ASHG Announces 2017 Winners of National DNA Day Essay Contest

Media Contact:
Nalini Padmanabhan
ASHG Communications Manager

Embargoed for Release
Tuesday, April 25, 2017
12:00 pm U.S. Eastern Time

High School Contest Addressed Modern Examples of Gene Therapy

First-place winner Adele Peng (left) and her science teacher Aubrie Holman (right) at Thomas Jefferson High School for Science and Technology. (Courtesy Ms. Holman)

BETHESDA, MD – In commemoration of National DNA Day, the American Society of Human Genetics (ASHG) hosted the 2017 DNA Day Essay Contest to encourage high school students and teachers to learn about human genetics concepts beyond the standard curriculum. This year, ASHG awarded first place to Adele Peng, a freshman at Thomas Jefferson High School for Science and Technology in Alexandria, Va. Sophia Spiegel, a junior at Bergen County Academies in Hackensack, N.J., won second place in the contest. Alvin Ya, a senior at Poolesville High School in Poolesville, Md., was awarded third place.

“Recent advances in biology have made gene therapy, the focus of this year’s contest, more promising than ever, and have expanded the field beyond its original concept,” said Michael Dougherty, PhD, Director of Education for ASHG. “We were interested to see students’ perspectives on these advances and their potential effects in the clinic.”

National DNA Day, celebrated annually on April 25, commemorates the discovery of DNA’s double helix structure and the completion of the Human Genome Project, two key milestones in the field of genetics. Each year since 2006, ASHG has run a DNA Day Essay Contest to challenge students to examine, question, and reflect on important concepts in human genetics by writing an original essay. Winning essays use well-reasoned arguments to show a grasp of topics that are not always well-covered in high school biology courses.

This year, the contest invited students to choose one modern example of gene therapy, describe the disease or condition researchers are attempting to treat, and explain how the therapy/approach might repair the underlying cause of the disease or condition.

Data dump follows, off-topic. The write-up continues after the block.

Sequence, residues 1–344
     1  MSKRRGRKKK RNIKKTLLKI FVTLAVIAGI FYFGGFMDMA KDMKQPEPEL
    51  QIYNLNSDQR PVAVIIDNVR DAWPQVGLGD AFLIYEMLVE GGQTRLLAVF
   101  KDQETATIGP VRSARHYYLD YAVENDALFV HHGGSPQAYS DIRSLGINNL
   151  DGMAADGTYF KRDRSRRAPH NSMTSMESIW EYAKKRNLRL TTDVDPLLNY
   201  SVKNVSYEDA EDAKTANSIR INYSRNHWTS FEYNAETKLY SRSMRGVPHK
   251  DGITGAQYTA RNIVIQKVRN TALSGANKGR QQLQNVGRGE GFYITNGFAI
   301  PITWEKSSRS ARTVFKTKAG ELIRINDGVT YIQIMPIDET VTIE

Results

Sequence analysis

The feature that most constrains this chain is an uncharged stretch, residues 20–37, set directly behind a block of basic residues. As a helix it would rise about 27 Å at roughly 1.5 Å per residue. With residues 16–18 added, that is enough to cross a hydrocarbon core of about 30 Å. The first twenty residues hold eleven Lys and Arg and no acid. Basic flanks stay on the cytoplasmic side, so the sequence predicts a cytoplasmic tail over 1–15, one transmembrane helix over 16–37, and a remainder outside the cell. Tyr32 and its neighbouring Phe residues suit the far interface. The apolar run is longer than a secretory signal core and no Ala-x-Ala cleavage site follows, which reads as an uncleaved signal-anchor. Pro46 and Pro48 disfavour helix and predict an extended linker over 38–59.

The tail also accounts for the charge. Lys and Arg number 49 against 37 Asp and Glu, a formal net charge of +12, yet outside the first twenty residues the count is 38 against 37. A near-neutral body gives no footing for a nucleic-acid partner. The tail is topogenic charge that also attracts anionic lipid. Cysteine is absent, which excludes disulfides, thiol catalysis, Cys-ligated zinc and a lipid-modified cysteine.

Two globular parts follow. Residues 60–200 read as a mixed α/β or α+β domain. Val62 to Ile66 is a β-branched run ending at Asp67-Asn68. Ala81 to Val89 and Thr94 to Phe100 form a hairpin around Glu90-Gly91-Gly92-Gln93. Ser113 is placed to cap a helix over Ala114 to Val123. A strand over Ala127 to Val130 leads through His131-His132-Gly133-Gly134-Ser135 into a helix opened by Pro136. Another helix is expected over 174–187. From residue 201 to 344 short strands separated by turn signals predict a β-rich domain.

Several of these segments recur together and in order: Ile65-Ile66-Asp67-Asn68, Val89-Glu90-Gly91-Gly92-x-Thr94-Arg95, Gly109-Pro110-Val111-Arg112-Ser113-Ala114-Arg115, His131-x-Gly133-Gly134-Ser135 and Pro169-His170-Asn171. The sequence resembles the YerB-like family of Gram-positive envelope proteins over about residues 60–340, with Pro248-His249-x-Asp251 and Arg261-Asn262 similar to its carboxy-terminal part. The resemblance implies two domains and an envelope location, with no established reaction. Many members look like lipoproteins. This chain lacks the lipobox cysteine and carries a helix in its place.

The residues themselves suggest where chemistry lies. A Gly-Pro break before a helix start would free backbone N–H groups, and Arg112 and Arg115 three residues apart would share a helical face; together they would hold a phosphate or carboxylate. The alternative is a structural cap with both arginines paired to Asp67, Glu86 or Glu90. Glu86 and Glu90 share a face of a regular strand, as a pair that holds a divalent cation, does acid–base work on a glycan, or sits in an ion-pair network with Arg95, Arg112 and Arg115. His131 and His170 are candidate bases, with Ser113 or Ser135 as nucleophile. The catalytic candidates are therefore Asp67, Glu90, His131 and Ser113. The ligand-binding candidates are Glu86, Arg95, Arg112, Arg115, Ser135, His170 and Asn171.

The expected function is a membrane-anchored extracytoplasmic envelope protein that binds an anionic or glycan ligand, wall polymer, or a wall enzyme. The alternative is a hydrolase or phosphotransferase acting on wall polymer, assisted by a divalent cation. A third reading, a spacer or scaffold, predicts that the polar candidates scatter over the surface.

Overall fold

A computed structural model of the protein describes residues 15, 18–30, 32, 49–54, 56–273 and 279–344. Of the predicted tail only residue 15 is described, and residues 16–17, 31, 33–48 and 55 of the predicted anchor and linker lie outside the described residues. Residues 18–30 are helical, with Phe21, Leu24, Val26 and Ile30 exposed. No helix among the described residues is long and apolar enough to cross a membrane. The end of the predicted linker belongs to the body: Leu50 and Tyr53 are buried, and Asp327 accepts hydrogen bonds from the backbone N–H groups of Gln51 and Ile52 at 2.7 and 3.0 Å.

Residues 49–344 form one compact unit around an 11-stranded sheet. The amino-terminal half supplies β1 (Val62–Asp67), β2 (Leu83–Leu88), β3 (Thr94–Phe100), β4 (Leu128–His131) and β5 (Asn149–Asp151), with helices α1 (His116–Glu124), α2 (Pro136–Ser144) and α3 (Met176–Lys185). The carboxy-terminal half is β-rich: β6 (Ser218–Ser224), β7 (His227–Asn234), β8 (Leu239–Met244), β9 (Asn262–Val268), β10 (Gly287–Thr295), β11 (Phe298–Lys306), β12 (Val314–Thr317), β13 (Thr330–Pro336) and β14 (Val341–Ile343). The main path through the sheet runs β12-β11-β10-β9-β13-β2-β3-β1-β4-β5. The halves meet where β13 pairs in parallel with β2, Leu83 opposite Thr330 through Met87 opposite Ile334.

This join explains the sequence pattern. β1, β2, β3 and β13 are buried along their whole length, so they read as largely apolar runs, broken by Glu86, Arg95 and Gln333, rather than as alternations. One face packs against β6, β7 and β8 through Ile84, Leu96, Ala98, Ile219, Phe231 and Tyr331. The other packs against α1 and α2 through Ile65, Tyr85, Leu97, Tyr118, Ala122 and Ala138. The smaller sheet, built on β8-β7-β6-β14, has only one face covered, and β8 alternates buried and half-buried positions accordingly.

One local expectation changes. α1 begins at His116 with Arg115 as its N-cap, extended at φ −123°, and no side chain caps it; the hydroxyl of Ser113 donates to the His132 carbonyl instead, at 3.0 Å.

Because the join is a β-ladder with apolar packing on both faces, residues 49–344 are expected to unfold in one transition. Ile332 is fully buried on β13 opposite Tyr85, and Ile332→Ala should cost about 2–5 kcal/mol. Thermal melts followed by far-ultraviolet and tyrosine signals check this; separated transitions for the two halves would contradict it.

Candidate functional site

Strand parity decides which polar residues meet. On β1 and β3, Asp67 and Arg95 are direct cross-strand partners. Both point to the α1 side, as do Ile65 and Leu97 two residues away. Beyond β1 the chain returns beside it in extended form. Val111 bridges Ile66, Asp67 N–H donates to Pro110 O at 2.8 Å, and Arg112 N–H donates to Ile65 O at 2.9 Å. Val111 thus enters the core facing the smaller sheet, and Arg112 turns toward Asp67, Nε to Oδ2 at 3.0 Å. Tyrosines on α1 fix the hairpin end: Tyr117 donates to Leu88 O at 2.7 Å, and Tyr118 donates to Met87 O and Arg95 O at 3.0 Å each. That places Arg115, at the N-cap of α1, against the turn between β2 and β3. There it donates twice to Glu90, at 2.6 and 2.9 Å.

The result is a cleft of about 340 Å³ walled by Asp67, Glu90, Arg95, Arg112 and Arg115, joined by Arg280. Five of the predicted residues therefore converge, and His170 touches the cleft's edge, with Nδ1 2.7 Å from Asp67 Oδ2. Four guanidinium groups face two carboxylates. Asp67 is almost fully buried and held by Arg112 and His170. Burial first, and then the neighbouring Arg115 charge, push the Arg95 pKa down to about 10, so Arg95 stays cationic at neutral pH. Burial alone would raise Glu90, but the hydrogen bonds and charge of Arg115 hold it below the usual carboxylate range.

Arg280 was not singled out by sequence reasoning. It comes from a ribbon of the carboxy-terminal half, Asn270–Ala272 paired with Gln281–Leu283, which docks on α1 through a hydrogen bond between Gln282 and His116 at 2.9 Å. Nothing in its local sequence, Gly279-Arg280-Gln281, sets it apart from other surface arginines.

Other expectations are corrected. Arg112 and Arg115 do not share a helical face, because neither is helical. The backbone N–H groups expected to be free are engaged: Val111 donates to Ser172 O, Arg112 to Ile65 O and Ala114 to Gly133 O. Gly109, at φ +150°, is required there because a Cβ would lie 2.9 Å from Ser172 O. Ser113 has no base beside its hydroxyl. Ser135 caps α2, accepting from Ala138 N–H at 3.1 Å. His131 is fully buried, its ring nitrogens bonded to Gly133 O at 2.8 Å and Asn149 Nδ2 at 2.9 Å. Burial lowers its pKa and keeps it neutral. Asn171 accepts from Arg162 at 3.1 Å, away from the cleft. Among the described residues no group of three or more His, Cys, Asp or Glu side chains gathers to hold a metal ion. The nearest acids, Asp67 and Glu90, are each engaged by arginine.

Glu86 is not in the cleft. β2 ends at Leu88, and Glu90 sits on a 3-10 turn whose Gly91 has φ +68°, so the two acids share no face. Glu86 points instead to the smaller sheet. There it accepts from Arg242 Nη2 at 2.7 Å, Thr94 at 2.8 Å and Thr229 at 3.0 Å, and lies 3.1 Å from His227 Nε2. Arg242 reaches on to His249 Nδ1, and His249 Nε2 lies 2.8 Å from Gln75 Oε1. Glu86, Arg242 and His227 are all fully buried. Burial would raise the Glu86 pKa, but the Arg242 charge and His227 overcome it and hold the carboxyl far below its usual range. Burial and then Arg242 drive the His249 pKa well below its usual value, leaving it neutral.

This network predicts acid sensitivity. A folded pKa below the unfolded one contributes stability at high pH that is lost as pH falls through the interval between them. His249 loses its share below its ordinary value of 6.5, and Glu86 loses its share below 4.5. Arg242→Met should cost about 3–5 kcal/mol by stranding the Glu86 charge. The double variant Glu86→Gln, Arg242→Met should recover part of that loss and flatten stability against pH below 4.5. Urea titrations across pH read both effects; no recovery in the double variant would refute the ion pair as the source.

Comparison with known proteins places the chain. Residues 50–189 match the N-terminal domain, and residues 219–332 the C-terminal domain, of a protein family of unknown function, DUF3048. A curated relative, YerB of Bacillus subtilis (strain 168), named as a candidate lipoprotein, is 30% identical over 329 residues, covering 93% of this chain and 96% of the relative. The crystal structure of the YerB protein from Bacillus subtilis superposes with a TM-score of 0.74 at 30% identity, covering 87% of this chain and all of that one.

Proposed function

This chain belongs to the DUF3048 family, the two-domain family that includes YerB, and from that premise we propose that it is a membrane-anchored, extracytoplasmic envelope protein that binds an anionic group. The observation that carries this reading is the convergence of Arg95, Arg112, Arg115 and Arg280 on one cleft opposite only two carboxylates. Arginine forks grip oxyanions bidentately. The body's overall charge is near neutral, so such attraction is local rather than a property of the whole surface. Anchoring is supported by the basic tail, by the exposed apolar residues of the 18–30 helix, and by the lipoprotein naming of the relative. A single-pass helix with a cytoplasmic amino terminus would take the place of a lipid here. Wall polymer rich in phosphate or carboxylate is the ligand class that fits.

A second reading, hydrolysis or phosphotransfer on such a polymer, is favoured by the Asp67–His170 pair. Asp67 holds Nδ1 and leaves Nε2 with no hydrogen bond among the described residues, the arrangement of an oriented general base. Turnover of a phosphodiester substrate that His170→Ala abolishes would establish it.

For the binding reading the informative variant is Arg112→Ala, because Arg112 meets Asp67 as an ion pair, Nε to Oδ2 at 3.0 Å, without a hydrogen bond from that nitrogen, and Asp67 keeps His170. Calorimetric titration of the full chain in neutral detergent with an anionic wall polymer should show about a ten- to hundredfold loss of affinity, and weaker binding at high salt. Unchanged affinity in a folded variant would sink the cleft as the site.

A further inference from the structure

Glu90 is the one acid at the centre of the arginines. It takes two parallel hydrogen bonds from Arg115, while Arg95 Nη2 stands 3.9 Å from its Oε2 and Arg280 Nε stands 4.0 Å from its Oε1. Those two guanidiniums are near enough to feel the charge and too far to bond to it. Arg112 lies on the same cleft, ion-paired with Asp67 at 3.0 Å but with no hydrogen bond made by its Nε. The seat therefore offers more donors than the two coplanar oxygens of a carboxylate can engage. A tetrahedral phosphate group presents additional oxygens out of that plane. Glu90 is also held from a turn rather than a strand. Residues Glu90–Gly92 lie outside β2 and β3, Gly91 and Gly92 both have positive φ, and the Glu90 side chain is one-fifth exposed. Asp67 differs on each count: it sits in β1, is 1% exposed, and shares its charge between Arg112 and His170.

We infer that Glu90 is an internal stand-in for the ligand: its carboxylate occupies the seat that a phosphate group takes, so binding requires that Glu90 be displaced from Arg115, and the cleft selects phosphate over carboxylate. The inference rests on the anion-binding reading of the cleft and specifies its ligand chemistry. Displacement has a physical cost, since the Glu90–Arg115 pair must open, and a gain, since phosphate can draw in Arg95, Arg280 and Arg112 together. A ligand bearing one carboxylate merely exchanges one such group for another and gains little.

Students from 38 U.S. states and 21 non-U.S. countries submitted essays to the contest this year. Human genetics specialists belonging to ASHG and its leadership read and evaluated entries for their scientific accuracy, creativity, and overall writing quality.

“This year’s essays continue the tradition of high-quality submissions by high school students from the U.S. and abroad that we have seen for the past 12 years, and their enthusiasm for the science reflects the excitement that our members feel about their work,” said Joseph D. McInerney, MS, Executive Vice President of ASHG. “Through this contest and our other K-12 initiatives, we hope to encourage young people to explore and enjoy genetics.”

ASHG will award monetary prizes to winning students as well as grants for genetics laboratory equipment to eligible teachers. Peng, whose essay described the research into using zinc finger nucleases to immunize against HIV, will receive a $1000 prize. Spiegel, whose essay described efforts to use recombinant adeno-associated virus vectors in treating Leber’s Congenital Amaurosis, will receive a $600 prize. Ya, whose essay described studies of CRISPR/Cas9’s potential to treat muscular dystrophy, will receive a $400 prize.

Honorable mentions were awarded to 11 students, each of whom will receive a $100 monetary prize. The recipients of honorable mentions, listed alphabetically by last name, are:

  • Blake Holman, a senior at Lake Dallas High School in Corinth, Texas
  • Jio Jeong, a sophomore at Seoul International School in Seongnam-si, South Korea
  • Lucy Liu, a junior at Illinois Mathematics and Science Academy in Aurora, Ill.
  • Alleanna Marquez, a junior at Whitestation High School in Memphis, Tenn.
  • Rhea Park, a junior at Head-Royce School in Oakland, Calif.
  • Tharushi Perera, a junior at Staten Island Technical High School in Staten Island, N.Y.
  • Arielle Rothman, a senior at North Shore Hebrew Academy High School in Great Neck, N.Y.
  • Julian Rubinfien, a junior at Stuyvesant High School in New York, N.Y.
  • Olivia Wilkes, a senior who is home schooled in Toney, Ala.
  • Lina Zein, a freshman at Hathaway Brown School in Shaker Heights, Ohio
  • Jacob Zinberg, a junior at Torah Academy of Bergen County in Teaneck, N.J.

For details on the 2017 contest winners, including photos and excerpts from winning essays, see:

About the American Society of Human Genetics (ASHG)

Founded in 1948, the American Society of Human Genetics is the primary professional membership organization for human genetics specialists worldwide. Its nearly 8,000 members include researchers, academicians, clinicians, laboratory practice professionals, genetic counselors, nurses, and others with an interest in human genetics. The Society serves scientists, health professionals, and the public by providing forums to: (1) share research results through the ASHG Annual Meeting and in The American Journal of Human Genetics; (2) advance genetic research by advocating for research support; (3) educate current and future genetics professionals, health care providers, advocates, policymakers, educators, students, and the public about all aspects of human genetics; and (4) promote genetic services and support responsible social and scientific policies. For more information, visit:

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